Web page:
Freelance journalist Melanie Bavaria has received a fellowship from the Education Writers Association to work with the Notebook to cover innovation in education – specifically, the Philadelphia School District’s efforts to create inquiry-focused and project-based education opportunities for students who have been chronically underserved by traditional schools. The EWA sought applications on “efforts to rethink and reinvent the American High School experience.”
Bavaria will work with Contributing Editor Dale Mezzacappa during the second half of the 2016-17 school year. The culminating series of stories will most likely be published in June.
“These new high schools are being led and staffed by talented and dedicated educators committed to enriching learning opportunities for students who are so often left behind, pushed through a school to a meaningless graduation or ‘pushed out’ by their boredom,” wrote Mezzacappa in the application letter.
“These educators are basing their schools on mutual trust, rigorous learning, and faith in their students’ ability, what they have to offer, and their willingness to adapt. Their yeoman efforts deserve coverage, as do the students who have taken a leap of faith to enroll in these schools. We are eager to record the victories and uncover the challenges.”
Bavaria, a graduate of Columbia Journalism School, has been freelancing for the last several years in Philadelphia and New York. She plans to spend considerable time in some of the schools, which include Science Leadership Academy, Workshop School, U School, LINC, Building 21, Science Leadership Academy @ Beeber and SLA Middle School. She will also cover the creation of a new high school in the old Vaux High School building in North Philadelphia that is being developed with the Philadelphia Housing Authority and Big Picture Inc.
Reporting on reentry
The Notebook is proud to be a part of the Philadelphia Reentry Reporting Collaborative, launched late last year to examine challenges facing local citizens returning from incarceration. The project brings together a broad spectrum of news organizations.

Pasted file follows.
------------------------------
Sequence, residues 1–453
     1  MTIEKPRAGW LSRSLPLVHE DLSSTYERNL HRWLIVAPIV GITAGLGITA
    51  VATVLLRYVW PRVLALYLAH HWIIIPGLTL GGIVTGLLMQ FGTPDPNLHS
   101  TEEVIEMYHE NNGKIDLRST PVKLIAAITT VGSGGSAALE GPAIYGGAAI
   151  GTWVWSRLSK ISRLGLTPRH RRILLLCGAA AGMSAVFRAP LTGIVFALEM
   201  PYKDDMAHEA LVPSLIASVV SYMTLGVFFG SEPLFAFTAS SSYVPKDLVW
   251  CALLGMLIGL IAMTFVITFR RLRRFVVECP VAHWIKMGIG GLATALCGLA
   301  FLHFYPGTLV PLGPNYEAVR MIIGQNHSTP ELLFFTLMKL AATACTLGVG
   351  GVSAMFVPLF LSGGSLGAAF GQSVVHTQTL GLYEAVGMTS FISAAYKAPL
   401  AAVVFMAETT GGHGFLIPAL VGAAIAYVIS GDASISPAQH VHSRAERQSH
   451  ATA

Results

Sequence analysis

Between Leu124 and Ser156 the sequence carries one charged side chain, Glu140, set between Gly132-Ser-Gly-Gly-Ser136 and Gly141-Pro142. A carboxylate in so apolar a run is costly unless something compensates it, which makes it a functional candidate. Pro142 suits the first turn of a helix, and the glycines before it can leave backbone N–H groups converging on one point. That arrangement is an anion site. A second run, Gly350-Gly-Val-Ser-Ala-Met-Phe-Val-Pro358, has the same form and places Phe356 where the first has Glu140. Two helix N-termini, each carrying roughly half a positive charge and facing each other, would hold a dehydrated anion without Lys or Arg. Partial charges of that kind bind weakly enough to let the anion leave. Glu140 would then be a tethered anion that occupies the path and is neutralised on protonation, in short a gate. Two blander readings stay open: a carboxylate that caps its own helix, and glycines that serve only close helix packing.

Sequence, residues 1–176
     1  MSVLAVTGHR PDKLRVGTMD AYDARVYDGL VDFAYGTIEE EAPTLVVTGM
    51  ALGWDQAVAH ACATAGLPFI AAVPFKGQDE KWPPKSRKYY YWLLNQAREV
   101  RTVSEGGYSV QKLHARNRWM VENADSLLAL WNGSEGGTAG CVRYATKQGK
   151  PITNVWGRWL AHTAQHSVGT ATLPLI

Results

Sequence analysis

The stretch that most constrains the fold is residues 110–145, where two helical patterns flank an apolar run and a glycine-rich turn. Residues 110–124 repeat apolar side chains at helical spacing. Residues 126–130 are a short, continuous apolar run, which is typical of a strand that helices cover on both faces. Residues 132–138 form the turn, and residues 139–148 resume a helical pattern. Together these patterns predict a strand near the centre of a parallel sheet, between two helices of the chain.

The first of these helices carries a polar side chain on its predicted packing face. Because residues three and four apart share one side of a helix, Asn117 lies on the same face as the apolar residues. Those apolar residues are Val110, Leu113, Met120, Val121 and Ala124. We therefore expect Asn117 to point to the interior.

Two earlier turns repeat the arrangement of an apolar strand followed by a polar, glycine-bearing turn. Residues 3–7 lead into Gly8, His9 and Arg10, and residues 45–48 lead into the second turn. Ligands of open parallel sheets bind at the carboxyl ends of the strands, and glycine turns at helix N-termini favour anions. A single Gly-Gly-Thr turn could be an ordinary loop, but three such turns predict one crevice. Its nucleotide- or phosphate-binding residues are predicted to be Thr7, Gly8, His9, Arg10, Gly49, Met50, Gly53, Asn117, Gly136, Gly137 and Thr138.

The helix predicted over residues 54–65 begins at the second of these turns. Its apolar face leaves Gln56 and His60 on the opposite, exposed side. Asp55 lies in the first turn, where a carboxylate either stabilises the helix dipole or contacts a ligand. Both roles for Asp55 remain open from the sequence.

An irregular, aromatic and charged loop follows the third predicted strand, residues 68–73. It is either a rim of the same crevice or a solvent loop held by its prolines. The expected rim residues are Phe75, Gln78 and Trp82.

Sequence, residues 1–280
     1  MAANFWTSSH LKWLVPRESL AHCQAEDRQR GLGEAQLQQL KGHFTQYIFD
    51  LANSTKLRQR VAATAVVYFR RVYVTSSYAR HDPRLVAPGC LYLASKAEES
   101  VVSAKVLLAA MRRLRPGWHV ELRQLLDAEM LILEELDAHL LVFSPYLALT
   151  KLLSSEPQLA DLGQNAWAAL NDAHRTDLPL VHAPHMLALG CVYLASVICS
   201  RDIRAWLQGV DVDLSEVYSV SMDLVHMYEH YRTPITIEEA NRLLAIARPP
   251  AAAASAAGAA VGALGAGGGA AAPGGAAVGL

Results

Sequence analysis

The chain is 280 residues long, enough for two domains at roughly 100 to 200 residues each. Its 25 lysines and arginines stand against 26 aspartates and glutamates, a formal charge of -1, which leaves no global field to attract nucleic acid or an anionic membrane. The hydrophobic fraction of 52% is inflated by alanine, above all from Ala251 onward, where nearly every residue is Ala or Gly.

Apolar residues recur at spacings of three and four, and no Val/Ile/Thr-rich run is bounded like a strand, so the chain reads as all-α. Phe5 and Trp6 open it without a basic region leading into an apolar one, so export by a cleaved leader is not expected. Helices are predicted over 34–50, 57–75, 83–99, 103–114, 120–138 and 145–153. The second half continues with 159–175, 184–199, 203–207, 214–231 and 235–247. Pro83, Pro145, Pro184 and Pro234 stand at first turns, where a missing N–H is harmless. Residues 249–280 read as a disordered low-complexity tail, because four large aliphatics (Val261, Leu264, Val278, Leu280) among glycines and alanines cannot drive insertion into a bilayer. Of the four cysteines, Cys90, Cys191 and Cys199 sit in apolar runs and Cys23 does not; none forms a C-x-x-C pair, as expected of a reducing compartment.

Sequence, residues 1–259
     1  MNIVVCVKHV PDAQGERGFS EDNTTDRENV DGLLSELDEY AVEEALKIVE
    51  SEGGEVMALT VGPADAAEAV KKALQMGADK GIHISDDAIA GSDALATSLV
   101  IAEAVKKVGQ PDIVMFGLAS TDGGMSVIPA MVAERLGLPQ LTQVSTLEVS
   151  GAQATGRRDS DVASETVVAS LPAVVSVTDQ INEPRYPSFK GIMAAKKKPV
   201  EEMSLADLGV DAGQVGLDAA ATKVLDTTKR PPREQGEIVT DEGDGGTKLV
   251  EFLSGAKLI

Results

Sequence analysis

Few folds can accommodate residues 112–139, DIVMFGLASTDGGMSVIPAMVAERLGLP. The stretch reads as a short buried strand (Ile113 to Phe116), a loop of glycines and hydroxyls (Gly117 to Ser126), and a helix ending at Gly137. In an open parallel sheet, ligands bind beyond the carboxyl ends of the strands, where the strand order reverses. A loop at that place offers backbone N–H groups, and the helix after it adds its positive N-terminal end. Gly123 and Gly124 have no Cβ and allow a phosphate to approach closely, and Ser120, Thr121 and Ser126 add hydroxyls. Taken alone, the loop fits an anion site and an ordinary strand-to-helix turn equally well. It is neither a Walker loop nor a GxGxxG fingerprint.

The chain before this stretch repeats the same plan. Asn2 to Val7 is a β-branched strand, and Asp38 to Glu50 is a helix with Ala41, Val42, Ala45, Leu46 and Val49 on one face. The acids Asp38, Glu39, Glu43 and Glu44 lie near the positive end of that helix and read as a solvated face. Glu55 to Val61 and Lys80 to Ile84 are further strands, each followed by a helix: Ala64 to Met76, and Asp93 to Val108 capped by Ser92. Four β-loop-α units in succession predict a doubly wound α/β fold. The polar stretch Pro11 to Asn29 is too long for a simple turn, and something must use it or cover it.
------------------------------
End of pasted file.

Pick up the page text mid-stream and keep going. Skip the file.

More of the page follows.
The project site, reentryreporting.org, hosts nearly 100 articles that cover topics from job training and employment to treating addictions and expunging criminal records. Visitors can also subscribe to receive a free weekly email newsletter.
The Notebook has contributed articles and a video to the collaborative and plans to complete several more pieces before the project ends in the fall. Most of the Notebook’s focus will be on the effects of incarceration and reentry on students and efforts to minimize the negative impact.
Notebook publisher Maria Archangelo said the project is exciting to be part of.
“It is great for the Notebook to partner with such a diverse group of media organizations – many of which we have not worked with in the past,” Archangelo said. “In addition to collaborating with great people, we are really able to learn from each other and expand the reach of our work.”
The initiative is funded by the Knight Foundation and the Solutions Journalism Network, which supports rigorous reporting about how people respond to problems. The network has advised the project from the beginning.
At a recent event at the Pen & Pencil Club in Philadelphia, project editor Jean Friedman-Rudovsky talked about what makes the collaborative interesting.
“Partnerships must be grounded in relationships of mutual respect and trust,” said Friedman-Rudovsky, who led the planning committee for the project last summer. “Putting together a collaborative project is time-consuming — lots of one-on-one meetings and, at times, slow progress.”
Friedman-Rudovsky previously trained local journalists in her role leading the Philadelphia chapter of the Solutions Journalism Network.
Readers who have story ideas related to reentry and students should email them to firstname.lastname@example.org.